5.2e21 J / 1.7e17 W = ~30000 sec = ~8.3 hours.
    (a 1 K difference is a 1.8 F difference, more than you asked)

    This is a gross over-simplification ignoring actual absorption coefficients, reflection, absorption and re-emission by land and water, and many other factors. But this does show that heating the atmosphere by 1 K (let alone 1 F), doesn’t take all that much. Just a small shift in the energy balance can have a large overall effect.

  37. John,

    i know that’s what you’ve been told to believe by the political party you’re aligned with, but,
    do the math.
    Atmospheric CO2 has been 280 ppm for millions of years, now it is 400. 400-280 = 120 ppm increase. 120/1,000,000 = .012% increase in co2.

    now let’s do some more math.
    how much heat is requires to raise the atmosphere of earth 1°f? 5.5 quadrillion tons x 2000 lbs/ton x .19 btu/lb°F x 1°F

  38. You got tricked. There was never an ozone problem. It thins out where the sun doesn’t shine and comes right back when it does.

  39. I predict an abundance of food and water and electricity for everyone. Cancer will be more or less cured, and health will be great for all until those reduced telomeres take our lives (except the cryogenically preserved). Global warming will be looked at as a bizarre interlude of “something must have been in the water” and our planet will be perfectly fine. Clean air for all (except the occasional volcano). the economic models will be completely new as we all have access to cheap 3D printers to make anything we need. Including babies using CRISPR tech. Politically, “countries” will cease to exist in the favor of small localized communities (a la Switzerland) as large centralized political systems will no longer be required (demise of representative democracy). “Africa” (probably be called something else) will be the economic driver. China, US and Europe will be empty population-thin nature reserves. American Idol will still be broadcast though run by Indians. the internet will be hardwired into our brains and Google will be considered a human being. Lastly, a virus will eventually kill everyone on the planet.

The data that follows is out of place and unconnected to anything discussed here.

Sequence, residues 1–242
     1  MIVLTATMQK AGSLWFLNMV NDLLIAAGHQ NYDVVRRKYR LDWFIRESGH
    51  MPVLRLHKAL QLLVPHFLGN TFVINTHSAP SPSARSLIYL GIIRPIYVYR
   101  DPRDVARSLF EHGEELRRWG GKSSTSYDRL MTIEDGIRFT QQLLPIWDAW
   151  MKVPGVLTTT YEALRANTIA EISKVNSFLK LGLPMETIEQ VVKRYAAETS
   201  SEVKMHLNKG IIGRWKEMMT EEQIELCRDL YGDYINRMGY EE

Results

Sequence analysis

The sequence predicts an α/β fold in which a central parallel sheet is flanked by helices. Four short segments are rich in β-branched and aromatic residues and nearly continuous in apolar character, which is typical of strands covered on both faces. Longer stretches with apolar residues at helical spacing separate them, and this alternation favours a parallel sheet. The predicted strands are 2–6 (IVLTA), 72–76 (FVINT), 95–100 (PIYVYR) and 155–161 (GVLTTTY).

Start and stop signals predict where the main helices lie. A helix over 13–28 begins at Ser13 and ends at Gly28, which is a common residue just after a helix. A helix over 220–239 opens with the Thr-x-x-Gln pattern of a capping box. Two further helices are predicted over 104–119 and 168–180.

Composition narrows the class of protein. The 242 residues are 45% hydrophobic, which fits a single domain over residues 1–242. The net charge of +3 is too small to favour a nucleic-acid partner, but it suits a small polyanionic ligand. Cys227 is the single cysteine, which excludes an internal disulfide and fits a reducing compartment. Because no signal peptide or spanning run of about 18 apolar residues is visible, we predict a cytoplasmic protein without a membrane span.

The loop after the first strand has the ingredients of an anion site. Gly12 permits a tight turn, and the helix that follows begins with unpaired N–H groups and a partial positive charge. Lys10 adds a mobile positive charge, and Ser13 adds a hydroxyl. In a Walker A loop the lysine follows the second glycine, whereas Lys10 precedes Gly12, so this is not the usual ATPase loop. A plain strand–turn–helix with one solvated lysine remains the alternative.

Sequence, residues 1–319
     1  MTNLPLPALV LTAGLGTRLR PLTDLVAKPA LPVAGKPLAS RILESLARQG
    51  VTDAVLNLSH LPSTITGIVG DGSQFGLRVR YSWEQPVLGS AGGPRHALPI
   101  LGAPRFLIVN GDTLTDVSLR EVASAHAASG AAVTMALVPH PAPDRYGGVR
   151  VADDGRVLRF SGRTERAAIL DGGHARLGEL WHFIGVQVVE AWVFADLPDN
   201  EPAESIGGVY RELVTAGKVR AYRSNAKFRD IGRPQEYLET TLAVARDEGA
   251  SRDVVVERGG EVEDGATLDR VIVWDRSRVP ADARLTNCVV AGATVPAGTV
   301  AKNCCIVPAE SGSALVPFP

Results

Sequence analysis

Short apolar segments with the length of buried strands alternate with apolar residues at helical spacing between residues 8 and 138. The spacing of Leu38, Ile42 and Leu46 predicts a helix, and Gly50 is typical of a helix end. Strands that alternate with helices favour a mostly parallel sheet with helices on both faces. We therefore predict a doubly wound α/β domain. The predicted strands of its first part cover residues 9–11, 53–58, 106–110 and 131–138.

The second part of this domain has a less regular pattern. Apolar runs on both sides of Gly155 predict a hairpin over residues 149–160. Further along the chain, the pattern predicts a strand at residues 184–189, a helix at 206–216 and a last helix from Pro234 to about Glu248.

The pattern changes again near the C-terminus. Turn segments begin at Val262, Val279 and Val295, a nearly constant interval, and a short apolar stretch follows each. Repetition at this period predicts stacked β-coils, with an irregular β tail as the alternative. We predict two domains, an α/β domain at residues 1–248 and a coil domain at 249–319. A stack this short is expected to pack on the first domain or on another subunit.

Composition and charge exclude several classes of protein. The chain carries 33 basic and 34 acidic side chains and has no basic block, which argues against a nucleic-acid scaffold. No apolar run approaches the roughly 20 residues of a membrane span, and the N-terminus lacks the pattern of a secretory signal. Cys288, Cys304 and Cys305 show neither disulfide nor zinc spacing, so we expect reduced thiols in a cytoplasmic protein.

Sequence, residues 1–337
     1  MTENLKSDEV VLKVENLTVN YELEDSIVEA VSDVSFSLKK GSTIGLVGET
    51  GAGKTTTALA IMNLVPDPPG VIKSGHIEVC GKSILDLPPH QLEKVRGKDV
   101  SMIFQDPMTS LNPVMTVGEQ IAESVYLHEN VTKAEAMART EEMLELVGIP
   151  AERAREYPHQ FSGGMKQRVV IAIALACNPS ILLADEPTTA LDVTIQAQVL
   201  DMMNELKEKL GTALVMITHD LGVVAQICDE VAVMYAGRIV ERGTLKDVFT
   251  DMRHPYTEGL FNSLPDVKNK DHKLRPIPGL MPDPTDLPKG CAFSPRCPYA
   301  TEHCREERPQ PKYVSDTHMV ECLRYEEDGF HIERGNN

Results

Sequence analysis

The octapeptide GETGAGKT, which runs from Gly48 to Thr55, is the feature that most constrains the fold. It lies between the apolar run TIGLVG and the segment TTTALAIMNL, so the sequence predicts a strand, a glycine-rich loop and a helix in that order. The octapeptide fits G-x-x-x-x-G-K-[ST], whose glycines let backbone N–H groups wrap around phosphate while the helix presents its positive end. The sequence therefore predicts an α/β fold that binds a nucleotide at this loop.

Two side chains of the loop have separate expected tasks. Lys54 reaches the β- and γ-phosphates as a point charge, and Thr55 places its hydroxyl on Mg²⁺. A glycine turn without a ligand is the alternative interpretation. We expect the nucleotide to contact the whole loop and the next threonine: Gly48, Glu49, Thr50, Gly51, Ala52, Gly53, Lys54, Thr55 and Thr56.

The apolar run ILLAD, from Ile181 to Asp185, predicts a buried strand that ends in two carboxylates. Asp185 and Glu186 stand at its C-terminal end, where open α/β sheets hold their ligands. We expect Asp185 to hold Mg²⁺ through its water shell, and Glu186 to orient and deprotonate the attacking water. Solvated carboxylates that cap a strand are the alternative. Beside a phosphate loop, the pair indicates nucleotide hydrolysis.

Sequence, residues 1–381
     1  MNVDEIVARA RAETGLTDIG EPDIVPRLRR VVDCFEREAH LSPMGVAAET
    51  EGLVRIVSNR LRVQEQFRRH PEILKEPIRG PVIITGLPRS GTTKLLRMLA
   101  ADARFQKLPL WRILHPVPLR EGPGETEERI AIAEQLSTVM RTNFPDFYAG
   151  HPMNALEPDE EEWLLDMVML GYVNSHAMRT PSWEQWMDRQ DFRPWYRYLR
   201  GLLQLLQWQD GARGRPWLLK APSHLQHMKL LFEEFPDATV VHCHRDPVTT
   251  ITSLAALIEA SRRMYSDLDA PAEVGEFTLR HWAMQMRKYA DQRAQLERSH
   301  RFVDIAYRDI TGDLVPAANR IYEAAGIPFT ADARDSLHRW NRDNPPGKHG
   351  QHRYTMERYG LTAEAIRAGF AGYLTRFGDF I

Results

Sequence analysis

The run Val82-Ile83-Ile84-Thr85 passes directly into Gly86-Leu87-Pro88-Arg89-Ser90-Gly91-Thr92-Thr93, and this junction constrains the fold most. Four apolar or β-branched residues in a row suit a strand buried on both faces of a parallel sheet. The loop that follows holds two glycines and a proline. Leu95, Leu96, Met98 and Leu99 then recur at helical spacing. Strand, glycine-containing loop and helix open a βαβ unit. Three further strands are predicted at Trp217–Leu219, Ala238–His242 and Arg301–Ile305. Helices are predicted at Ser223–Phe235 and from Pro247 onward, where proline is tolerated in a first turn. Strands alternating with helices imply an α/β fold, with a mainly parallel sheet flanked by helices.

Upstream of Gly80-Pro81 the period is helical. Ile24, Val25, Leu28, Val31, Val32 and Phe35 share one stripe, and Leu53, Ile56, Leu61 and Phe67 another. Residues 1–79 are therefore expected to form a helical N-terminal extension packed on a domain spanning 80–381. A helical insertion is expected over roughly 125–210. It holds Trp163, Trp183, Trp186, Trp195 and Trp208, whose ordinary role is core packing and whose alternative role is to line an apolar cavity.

40. yes, population growth has a limit, and then it declines. Around the year 2100. It is most certainly NOT exponential, it is logistic. “because it is mathematics”…..